On This Day – 2 October 1852 – Journalist and politician William O’Brien is born in Mallow


He was argumentative, controversial, committed, exasperating, vicious, divisive, loyal and lots of other adjectives besides, some positive, some pejorative.

William O’Brien was a poacher turned gamekeeper. For the early part of his life he was a muck-raking nationalist journalist, before devoting himself almost entirely to politics. Born into a Cork Fenian family – his brother was a member of the IRB and he may well have been sworn in himself – he was a campaigning newspaperman in his youth in the late 1870s writing for the stuffy Freeman’s Journal. Although his often explosive articles got his proprietor, the MP Edmund Dwyer Gray into plenty of trouble there was a huge mutual admiration between the Dublin grandee and the Cork firebrand.

In 1881, still in his twenties, he was asked by Charles Stewart Parnell to become the first editor of the new Land League newspaper United Ireland. He took on the task with gusto – so much so that he was arrested and jailed after barely a dozen issues. Totally undeterred O’Brien continued to edit the newspaper from Kilmainham jail, using the same underground communications system that allowed his leader to continue to conduct his passionate and adulterous relationship with Katharine O’Shea.

After the Land War United Ireland became the mouthpiece of Parnellism and an equal opportunities offender. O’Brien would, on a weekly basis, attack the Liberal and Tory parties in England, the Royal Irish Constabulary and Dublin Metropolitan Police, landlords, Unionists, Unionist journalists, nationalist journalists who weren’t nationalist enough, nationalist MPs who were equally unconvincing in their nationalism and anyone else who, in his eyes, was not stepping up to the mark. On finishing reading the very first issue of United Ireland in August 1881 the Chief Secretary for Ireland, William E. Forster was reported to have asked ‘Who is this new madman?’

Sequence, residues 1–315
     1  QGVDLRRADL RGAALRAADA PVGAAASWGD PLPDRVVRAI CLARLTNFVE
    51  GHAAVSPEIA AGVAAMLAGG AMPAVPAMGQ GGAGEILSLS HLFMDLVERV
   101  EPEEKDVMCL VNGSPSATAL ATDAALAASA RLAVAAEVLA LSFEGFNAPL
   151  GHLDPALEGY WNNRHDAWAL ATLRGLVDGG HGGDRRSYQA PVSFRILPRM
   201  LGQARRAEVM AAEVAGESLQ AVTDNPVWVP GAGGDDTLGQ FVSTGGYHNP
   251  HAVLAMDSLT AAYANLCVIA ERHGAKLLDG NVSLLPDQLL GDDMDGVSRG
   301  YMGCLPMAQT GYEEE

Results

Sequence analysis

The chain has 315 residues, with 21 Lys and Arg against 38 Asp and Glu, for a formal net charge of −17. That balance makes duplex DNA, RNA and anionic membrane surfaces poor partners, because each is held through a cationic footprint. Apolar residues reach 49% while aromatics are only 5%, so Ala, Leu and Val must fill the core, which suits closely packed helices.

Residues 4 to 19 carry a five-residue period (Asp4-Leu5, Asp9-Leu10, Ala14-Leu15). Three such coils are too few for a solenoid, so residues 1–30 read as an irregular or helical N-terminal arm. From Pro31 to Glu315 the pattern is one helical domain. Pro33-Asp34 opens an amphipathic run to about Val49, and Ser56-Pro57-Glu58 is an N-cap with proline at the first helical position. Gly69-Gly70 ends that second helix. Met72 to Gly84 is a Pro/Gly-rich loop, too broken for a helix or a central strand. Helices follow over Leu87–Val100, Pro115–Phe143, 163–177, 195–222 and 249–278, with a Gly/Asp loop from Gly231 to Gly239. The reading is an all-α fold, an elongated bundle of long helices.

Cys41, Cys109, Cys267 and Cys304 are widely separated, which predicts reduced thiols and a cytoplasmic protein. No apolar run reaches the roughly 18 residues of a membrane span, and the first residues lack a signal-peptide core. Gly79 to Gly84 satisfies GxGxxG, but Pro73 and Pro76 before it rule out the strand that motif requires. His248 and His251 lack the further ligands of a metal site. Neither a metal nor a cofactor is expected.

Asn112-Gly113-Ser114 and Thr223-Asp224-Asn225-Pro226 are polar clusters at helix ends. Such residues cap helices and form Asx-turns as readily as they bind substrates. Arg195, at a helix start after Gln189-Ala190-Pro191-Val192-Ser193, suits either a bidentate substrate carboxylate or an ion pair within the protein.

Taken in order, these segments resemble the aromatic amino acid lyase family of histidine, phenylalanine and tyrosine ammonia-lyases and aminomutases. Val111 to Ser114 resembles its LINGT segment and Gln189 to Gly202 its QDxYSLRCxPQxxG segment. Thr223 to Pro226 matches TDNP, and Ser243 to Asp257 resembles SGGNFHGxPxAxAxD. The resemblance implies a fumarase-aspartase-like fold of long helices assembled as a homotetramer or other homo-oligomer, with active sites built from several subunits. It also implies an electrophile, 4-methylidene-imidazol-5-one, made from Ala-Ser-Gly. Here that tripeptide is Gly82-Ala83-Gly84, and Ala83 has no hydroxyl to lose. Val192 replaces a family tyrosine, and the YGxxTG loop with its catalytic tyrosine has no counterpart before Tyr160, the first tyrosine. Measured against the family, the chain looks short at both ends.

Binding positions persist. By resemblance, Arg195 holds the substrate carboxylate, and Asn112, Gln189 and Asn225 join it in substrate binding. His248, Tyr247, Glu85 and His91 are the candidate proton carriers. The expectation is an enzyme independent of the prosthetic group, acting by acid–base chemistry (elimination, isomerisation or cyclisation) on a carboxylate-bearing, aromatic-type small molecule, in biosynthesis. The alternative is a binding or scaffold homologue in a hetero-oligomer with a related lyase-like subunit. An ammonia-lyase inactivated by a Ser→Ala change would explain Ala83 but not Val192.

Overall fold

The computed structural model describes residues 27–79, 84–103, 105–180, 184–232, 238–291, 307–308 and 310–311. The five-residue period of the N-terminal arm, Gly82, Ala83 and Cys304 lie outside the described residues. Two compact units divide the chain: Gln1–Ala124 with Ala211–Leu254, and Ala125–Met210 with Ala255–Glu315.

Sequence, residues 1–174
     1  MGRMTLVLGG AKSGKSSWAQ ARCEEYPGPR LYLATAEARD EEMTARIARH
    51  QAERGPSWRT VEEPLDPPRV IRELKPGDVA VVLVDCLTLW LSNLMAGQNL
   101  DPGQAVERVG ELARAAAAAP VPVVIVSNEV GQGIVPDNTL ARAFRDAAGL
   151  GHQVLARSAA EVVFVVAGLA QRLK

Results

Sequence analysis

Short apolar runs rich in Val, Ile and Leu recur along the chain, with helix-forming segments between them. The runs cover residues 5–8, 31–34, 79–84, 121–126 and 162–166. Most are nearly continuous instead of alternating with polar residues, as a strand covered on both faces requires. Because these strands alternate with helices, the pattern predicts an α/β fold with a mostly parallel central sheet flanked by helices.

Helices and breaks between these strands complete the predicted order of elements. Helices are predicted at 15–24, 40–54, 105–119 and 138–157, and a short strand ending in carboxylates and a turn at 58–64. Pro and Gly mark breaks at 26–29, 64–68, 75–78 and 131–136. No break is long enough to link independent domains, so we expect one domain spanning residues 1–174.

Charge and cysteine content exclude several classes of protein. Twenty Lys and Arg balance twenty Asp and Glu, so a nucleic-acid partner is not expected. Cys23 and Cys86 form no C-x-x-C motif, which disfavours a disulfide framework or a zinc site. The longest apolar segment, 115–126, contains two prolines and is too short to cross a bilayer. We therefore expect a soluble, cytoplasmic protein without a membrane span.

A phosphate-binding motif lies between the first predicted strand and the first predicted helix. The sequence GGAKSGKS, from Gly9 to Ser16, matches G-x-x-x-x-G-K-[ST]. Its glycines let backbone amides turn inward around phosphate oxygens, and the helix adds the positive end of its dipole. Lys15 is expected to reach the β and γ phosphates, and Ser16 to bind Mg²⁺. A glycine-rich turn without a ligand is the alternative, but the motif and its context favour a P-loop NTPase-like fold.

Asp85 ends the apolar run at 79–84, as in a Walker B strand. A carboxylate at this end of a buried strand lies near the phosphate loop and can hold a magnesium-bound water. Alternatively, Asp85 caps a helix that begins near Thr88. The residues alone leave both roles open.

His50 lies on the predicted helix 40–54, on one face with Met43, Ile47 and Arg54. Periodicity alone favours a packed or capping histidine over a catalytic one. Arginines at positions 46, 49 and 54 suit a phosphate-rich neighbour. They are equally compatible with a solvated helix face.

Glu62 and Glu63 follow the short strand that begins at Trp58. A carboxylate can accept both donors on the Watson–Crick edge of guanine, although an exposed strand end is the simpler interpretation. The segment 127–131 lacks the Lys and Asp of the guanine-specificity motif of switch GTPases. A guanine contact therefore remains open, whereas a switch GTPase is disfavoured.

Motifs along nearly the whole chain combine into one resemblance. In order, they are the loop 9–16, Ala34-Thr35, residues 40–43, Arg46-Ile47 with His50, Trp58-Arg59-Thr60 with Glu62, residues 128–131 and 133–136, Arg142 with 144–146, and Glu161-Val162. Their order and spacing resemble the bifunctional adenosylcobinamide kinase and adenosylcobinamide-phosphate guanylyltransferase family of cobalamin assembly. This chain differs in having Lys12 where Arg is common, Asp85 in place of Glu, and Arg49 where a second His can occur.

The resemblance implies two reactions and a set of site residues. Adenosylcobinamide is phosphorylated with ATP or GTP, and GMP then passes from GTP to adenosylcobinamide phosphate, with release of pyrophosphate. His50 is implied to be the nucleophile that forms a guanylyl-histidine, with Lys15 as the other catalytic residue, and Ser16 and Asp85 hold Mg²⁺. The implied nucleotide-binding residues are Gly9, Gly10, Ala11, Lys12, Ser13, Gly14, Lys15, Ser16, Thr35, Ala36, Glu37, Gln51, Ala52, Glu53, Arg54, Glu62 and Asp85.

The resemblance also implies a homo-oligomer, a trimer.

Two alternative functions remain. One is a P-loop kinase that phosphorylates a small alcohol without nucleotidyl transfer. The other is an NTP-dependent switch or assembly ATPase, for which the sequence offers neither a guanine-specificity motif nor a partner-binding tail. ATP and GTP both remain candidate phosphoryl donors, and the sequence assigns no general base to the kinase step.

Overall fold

He was a thorn in the side of the establishment, occasionally of his own party, and arguably he was even a thorn in his own side. He was utterly relentless and fearless in his journalism. That’s not to suggest that he was fair – he was anything but. However he was prepared to risk some stupendous libel suits in order to get his version of the truth out. It helped that for many years he wasn’t really worth suing, he had no personal resources, famously living out of two suitcases in the Imperial Hotel on Sackville Street – now Clery’s department store.

Although he could at times be a journalistic windbag he also had an eye for the pithy phrase or aphorism. When the Tory Prime Minister, Robert Cecil, Lord Salisbury in 1887 appointed his own nephew Arthur Balfour as Irish Chief Secretary – in the process giving rise to the immortal phrase ‘Bob’s your uncle’ -O’Brien noted the languid Tory’s predilection for playing golf and dubbed him ‘Mr.Arthur Golfour’ . Balfour, however, had the last laugh, throwing O’Brien in jail many times over the next four years.

While it broke his heart he opposed Parnell after the O’Shea divorce case but played little part in the vicious hounding of the former Irish party leader which only ended with his death in October 1891. Thereafter O’Brien temporarily disappeared from active politics. He re-emerged at the end of the decade to re-assert his dedication to agrarian politics by forming the United Irish League. It was under the auspices of this grass roots organisation that the Irish party split was healed. But O’Brien had a penchant for falling out with people and he soon moved on.

His latter years as a politician and journalist saw him at the helm of a Cork-based nationalist splinter group the All For Ireland League and editing the Cork Free Press.

By the time of the 1916 Rising, like many other nationalist politicians of his generation he’s had his day. Although highly respected by many of the more extreme Republicans who came to dominate Irish post-WW1 politics there was no place for him in the new dispensation and it was time to write a number of highly readable, entertaining and utterly unreliable memoirs. He died in 1928.

William O’Brien, Irish father of the so-called ‘New Journalism’ of the late 19th century was born in Mallow, Co. Cork 163 years ago, on this day.